New catalyst enables sustainable hydrocarbon synthesis
Tokyo researchers have used platinum and aluminium compounds to create a catalyst which enables certain chemical reactions to occur more efficiently than ever before. Described in the journal Nature Catalysis, the catalyst could significantly reduce energy usage in various industrial and pharmaceutical processes, and also allows for a wider range of sustainable sources to feed the processes — which could reduce the demand for fossil fuels required by them.
There are many chemicals used in a wide range of industries, including pharmaceuticals, that you probably don’t notice in everyday life, such as benzene, toluene, xylene and ethylbenzene. These are created at chemical production plants that use petroleum to feed the processes in question. But there is now a way to produce those chemicals in a more sustainable way.
Assistant Professor Xiongjie Jin and Professor Kyoko Nozaki from The University of Tokyo and their team have created a new catalyst — a material that enables or speeds up a specific chemical reaction — that allows for more sustainable production of so-called aromatic hydrocarbons. At present the process typically requires temperatures of 200°C or more and pressures of two or more atmospheres; with the team’s new catalyst, the temperature can be brought down to between 100 and 150°C, and the pressure to just one atmosphere, or ambient pressure. This could hugely reduce the energy cost of production.
“Our ‘Pt catalyst’ makes use of platinum nanoparticles and an aluminium metaphosphate substrate, which is rarely ever used in catalysts,” said Asst Prof Jin. “Source molecules interacting with this catalyst at the right temperature and pressure break down into useful aromatic hydrocarbon compounds. This process is called hydrogenolysis. But the most exciting part for us is not just that the catalyst improves reaction efficiency, but that it opens up new options for the kinds of source materials that can now be used in these processes.”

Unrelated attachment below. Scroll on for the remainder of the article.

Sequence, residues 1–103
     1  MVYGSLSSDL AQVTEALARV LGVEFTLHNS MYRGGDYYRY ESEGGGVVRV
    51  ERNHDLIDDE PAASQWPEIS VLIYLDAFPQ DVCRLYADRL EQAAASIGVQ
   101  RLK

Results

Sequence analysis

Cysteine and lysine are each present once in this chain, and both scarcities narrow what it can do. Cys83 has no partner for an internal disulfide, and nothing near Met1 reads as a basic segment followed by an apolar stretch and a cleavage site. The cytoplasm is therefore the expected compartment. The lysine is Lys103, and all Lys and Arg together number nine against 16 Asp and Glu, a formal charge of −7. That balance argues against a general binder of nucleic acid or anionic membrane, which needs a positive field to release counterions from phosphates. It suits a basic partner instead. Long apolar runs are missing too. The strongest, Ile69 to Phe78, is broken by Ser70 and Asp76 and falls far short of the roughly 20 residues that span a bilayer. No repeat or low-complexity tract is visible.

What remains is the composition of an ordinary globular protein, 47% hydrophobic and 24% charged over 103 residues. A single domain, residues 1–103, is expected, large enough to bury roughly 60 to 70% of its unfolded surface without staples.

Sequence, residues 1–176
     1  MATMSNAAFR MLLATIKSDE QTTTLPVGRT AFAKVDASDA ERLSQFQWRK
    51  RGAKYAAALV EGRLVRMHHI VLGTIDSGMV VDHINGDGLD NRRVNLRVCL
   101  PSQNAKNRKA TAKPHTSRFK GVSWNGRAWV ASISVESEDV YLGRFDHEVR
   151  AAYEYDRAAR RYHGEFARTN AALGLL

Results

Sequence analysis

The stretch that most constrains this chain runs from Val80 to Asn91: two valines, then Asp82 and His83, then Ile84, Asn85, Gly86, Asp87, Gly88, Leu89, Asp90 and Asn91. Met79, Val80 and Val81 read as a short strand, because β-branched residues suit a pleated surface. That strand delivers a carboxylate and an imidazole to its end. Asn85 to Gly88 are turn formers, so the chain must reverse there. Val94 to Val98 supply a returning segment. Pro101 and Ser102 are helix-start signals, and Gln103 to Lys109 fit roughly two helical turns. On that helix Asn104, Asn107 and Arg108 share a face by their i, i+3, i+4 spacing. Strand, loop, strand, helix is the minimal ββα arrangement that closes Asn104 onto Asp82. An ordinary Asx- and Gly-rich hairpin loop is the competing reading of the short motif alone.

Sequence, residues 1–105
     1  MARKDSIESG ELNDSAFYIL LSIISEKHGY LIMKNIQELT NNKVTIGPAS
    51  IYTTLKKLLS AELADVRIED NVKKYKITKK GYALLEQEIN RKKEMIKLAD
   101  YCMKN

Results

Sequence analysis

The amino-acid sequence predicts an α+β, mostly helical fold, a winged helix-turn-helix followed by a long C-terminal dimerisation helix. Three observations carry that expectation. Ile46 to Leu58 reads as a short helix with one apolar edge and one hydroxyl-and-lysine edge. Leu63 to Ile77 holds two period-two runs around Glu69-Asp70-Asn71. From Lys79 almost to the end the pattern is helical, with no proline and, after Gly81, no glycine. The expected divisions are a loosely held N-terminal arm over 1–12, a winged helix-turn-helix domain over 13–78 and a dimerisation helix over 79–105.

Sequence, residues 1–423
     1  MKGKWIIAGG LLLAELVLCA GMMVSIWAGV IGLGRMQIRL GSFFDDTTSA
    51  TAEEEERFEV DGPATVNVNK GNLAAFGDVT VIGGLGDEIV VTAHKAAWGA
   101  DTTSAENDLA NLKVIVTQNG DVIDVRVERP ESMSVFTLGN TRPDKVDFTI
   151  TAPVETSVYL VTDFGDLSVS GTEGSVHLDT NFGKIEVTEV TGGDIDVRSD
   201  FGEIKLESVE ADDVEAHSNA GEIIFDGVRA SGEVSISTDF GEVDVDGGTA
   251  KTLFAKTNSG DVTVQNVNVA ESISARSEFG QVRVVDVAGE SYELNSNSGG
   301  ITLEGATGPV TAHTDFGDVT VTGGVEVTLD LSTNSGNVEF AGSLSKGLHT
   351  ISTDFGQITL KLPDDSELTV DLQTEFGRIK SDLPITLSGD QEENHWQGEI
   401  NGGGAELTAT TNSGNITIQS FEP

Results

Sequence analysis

Currently, non-renewable petroleum-based substances are used to create aromatic hydrocarbons, and this is not a sustainable scenario in the long run. The Pt catalyst allows the use of renewable woody biomass as source material; in particular a family of compounds known as lignins, which contain phenols, the basis of the reactions in question. Another benefit of the Pt catalyst is that it can be recycled and reused several times over. All these factors combined could lead to a vastly more sustainable way to produce aromatic hydrocarbons on an industrial scale.
“We hope our study contributes to the [United Nations] Sustainable Development Goals by making industrially important chemicals from renewable resources instead of petroleum, and at a lower energy cost,” said Asst Prof Jin. “Our next steps will be to further increase the lifetime of the Pt catalyst and also to make the catalyst work directly on lignins, mitigating the need to break it down into phenols before the reactions can take place.”
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